Authors: Stephen Solomita
‘To the bosses,’ he said, forgetting, for the moment, that he himself was a boss.
‘May they live long and prosper.’ Boots downed his shot. ‘So, that’s it? I’m done?’
‘Corcoran will be here in an hour. You’ll want to have your fives ready. That way, the task force won’t have an excuse to revisit the Six-Four.’
Levine was right and Boots knew it. The task force would be certain to reserve all credit to itself, so the smart move was to feed the beast, then move on.
Boots went to his desk and started writing. He included every detail of his confrontations with Frankie Drago, Pete Karakovich and Vinnie Palermo in a series of DD-5s. Ordinarily, this was a task he enjoyed, this imaginary war of wits he played with defense lawyers as he tried to give them as little help as possible. Not this time. Each sentence, as far as he could tell, was another handful of dirt bouncing off the lid of Palermo’s coffin. To anybody who didn’t know him, the man looked guilty as hell. He had motive, opportunity and almost three weeks to dispose of the means.
Just as Boots finished up, Corcoran entered the squad room, shortly followed by his running dogs from Homicide, Artie Farrahan and Thelonius Tolliver. Corcoran wore a black overcoat, probably cashmere, which he’d thrown over his broad shoulders in a manner usually associated with dead Italian gangsters. When Boots approached, he turned away, leaving Boots to hand his paperwork to Detective Farrahan.
‘You gonna try to put this on Palermo?’ Boots asked.
In his mid-forties, Artie Farrahan had a full head of jet-black hair that he combed across his forehead, leaving only a couple of inches of skin showing above his eyebrows. ‘Why? Did Palermo do it?’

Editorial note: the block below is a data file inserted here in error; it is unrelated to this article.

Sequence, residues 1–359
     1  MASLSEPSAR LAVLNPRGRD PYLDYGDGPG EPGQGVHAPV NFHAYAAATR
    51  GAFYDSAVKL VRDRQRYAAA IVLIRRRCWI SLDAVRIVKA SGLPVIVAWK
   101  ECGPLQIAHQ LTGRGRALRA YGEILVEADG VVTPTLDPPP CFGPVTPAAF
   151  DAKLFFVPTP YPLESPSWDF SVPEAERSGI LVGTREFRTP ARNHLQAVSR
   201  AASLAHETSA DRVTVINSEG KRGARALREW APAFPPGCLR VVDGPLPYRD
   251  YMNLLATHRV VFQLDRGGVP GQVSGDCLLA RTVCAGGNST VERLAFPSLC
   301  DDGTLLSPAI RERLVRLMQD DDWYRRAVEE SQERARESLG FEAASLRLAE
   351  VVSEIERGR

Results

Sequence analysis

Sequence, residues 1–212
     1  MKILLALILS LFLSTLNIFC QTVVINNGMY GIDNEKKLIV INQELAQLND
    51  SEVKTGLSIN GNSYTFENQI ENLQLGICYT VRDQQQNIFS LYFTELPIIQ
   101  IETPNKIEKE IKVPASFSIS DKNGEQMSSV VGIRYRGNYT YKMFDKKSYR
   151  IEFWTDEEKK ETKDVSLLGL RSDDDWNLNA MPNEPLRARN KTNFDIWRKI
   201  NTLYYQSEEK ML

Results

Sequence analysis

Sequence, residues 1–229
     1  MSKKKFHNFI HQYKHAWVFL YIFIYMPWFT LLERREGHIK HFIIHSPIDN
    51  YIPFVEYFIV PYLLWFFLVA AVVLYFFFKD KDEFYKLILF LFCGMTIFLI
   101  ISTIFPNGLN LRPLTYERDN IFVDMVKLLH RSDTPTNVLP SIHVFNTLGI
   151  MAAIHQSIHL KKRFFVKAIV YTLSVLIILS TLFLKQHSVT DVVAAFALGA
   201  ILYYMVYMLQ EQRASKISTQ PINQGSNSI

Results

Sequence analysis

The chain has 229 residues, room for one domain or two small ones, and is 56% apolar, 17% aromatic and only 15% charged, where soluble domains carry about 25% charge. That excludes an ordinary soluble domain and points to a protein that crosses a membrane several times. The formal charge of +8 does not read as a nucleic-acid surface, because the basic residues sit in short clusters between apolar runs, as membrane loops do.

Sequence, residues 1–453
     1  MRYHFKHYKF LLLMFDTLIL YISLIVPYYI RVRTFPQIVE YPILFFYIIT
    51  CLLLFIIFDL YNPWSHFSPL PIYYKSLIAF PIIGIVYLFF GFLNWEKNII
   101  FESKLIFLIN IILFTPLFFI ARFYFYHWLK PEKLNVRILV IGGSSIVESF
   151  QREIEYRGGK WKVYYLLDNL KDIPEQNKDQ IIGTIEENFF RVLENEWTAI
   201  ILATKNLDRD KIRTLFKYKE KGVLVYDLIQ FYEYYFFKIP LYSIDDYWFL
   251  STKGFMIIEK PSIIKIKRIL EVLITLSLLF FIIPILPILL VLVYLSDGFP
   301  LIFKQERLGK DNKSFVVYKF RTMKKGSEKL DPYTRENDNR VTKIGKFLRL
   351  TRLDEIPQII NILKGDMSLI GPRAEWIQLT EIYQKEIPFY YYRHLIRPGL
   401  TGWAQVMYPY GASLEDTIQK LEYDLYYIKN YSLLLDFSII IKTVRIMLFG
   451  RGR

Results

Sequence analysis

‘No, he didn’t, Artie, but in this particular case, I don’t think his innocence will protect him.’
From inside Levine’s office, Corcoran’s voice rang out. ‘Detective Farrahan, we’re waiting.’
Farrahan smiled before turning away with a shrug. Homicide or not, he was a bit player.
Still, Boots was unsatisfied. Instead of leaving, he waited for Jill Kelly to emerge from the bathroom. ‘I have a couple of questions before you join the party,’ he announced, blocking her path.
‘First thing, if there was a confrontation before Vinnie shot Chris Parker, how did Parker get shot in the back?’
Kelly’s full mouth expanded slightly. ‘Maybe Palermo got the drop on Parker, but didn’t have the balls to look into his eyes when he pulled the trigger. So he made Parker turn around.’
Undeterred, Boots responded with a second question, and a third, and a fourth. He wasn’t going to get another chance at this. ‘Think about it, Jill. If Parker suspected that Vinnie was stealing a car, why was his weapon still in his holster, his badge in his pocket and his overcoat buttoned? And if Parker wasn’t displaying a weapon, why didn’t Vinnie just run away? What was his motive for murdering a cop?’